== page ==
EU Migrant Workers Contribute Thousands More to U.K. Than Average Citizens, Report Says

If a final Brexit deal works to keep a large number of European Union migrant workers out of the United Kingdom, taxes will need to rise for British citizens, according to a new report.

Each migrant worker from the EU contributes about £2,300 ($3,021) more to the U.K.’s national treasury annually than the average British citizen, according to a new analysis reported by The Independent on Tuesday. Furthermore, over the course of their life, the EU workers pay in £78,000 ($102,475) more than they take out in services. Conversely, the average British citizen’s net contribution is about zero, when services are deducted from their contributions.

Oxford Economics, which carried out the study on behalf of the government, said that EU workers essentially allow for taxes to be lower for everyone else.

“When it comes to the public finances, European migrants contribute substantially more than they cost, easing the tax burden on other taxpayers,” Ian Mulheirn, director of consulting at Oxford Economics, said, Metro reported. He further explained that this “strongly positive average contribution” continues throughout the EU worker’s life, as they generally arrive “fully educated” and “leave before the costs of retirement start to weigh on the public finances.”

A more comprehensive report by the U.K.’s Migration Advisory Committee (MAC) released on Monday suggested scrapping visa caps on high-skilled migrants coming to the country altogether. However, that report argued that no special treatment should be given to EU citizens over those from other countries.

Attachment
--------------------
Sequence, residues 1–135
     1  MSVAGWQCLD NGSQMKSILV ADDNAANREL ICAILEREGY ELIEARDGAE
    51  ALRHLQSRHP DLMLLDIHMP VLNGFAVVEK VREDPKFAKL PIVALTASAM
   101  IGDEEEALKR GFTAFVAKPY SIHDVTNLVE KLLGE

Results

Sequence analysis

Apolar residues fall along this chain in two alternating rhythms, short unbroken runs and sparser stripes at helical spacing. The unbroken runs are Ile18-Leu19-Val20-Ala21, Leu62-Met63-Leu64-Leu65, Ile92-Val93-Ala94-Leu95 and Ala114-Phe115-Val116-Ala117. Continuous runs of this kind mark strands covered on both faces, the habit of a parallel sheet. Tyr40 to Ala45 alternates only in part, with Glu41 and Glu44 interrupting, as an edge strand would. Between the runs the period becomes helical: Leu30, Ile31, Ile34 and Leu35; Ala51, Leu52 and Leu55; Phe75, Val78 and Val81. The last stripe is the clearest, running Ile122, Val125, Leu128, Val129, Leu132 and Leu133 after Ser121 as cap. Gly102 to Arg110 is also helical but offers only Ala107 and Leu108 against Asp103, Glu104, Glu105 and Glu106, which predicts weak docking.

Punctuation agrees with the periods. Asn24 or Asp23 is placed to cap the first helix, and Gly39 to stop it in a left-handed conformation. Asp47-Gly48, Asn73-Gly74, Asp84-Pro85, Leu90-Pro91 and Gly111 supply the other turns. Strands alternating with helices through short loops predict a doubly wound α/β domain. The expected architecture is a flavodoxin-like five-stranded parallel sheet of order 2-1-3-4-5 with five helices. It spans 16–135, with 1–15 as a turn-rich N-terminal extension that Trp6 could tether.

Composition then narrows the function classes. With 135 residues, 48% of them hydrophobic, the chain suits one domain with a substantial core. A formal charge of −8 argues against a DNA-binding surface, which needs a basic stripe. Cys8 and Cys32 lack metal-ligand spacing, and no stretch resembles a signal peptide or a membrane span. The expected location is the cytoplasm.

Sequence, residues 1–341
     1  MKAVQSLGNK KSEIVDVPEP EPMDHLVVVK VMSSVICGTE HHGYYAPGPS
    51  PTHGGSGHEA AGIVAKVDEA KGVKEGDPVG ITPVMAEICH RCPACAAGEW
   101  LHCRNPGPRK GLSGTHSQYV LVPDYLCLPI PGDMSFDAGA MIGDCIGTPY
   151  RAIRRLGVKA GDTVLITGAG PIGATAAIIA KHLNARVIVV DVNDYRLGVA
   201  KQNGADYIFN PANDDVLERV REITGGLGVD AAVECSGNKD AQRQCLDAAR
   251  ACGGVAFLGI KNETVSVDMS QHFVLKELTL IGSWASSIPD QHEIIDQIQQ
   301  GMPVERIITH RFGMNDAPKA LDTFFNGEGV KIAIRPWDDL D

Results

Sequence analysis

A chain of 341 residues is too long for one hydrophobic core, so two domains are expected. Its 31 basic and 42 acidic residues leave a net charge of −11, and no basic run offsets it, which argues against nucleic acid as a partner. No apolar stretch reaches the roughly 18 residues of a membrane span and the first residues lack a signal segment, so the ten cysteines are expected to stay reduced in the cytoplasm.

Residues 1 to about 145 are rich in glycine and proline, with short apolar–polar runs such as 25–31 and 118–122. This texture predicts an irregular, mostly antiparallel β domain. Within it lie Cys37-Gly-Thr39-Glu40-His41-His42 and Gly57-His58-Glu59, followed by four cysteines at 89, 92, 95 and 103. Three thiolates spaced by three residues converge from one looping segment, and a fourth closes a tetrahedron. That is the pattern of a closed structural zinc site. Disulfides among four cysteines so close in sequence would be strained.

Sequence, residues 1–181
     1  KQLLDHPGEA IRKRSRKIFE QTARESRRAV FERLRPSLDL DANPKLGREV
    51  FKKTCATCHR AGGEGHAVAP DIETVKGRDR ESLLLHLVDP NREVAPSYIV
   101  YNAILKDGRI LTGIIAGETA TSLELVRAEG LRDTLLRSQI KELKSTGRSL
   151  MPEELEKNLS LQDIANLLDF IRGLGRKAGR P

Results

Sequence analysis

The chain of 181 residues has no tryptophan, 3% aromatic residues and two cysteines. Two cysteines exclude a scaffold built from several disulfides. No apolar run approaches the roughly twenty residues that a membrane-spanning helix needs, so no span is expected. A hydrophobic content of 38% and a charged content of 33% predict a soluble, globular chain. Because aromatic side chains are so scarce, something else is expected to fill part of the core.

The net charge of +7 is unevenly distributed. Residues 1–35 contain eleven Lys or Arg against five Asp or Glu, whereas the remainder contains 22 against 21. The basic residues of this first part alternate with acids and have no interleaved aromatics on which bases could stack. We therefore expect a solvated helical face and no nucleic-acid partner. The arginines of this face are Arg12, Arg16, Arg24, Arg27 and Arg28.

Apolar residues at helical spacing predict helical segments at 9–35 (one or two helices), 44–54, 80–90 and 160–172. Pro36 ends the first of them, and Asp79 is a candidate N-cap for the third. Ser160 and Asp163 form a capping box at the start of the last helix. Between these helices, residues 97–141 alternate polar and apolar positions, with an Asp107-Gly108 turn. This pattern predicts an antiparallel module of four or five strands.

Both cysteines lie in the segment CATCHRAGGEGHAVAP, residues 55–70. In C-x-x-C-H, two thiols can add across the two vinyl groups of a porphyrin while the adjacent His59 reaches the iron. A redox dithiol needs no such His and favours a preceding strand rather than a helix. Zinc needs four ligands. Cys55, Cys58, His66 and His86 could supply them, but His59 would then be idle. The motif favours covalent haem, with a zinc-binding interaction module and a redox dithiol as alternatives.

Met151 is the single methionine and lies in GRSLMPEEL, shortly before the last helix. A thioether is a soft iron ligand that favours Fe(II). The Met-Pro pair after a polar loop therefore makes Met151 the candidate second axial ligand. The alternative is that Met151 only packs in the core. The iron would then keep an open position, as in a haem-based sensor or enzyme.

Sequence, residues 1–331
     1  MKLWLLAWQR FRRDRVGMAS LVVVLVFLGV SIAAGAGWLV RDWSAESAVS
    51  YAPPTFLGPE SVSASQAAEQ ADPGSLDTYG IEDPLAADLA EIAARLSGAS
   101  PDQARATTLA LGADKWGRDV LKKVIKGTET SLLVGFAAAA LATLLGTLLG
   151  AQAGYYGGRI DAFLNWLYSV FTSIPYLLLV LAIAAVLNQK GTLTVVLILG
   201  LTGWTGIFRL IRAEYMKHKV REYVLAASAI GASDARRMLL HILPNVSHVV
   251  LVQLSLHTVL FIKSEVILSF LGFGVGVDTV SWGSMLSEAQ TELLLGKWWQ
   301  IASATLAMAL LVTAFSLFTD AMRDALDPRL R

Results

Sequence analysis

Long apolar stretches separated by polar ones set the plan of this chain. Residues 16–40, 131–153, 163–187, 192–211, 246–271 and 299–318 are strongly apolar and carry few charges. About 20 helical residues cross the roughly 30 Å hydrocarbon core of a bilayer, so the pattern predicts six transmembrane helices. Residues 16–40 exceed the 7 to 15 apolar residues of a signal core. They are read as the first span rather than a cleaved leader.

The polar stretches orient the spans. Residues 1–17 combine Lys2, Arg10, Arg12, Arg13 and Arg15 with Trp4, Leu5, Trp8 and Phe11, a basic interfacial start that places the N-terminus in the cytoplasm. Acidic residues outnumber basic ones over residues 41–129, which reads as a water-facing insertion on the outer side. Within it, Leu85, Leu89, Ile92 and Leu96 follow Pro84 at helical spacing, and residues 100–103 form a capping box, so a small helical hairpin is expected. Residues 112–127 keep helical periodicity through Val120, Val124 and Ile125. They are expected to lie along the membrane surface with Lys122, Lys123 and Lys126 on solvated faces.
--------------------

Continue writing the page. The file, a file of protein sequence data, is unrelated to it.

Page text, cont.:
"If immigration is not part of the negotiations with the EU, and the UK is deciding its future system in isolation, there should be no preference given to EU citizens," the document said, according to the BBC.

“A migrant's impact depends on factors such as their skills, employment, age and use of public services, and not fundamentally on their nationality," it added.

GettyImages-1035033640 Britain’s Prime Minister Theresa May leaves the stage after speaking at the United Jewish Israel Appeal charity dinner in London, on September 17. If a final Brexit deal works to keep a large number of European Union migrant workers out of the United Kingdom, taxes will need to rise for British citizens, according to a new report. Peter Nicholls - WPA Pool / Getty Images

The government of British Prime Minister Theresa May has faced criticism in recent weeks, as it has yet to put forward a new immigration policy to be implemented in the wake of Brexit. If the U.K. wants a good trade deal with Brussels, it will likely be required to make significant concessions allowing EU nationals to live and work more freely within its borders, analysts have suggested.

As of now, the U.K. allows just 20,700 high-skilled workers from outside the European Economic Area (EEA) to enter and reside in the country. Any citizen from the EEA, which includes EU members and several other European nations, can currently come and live and work in the U.K. without applying for the visa.

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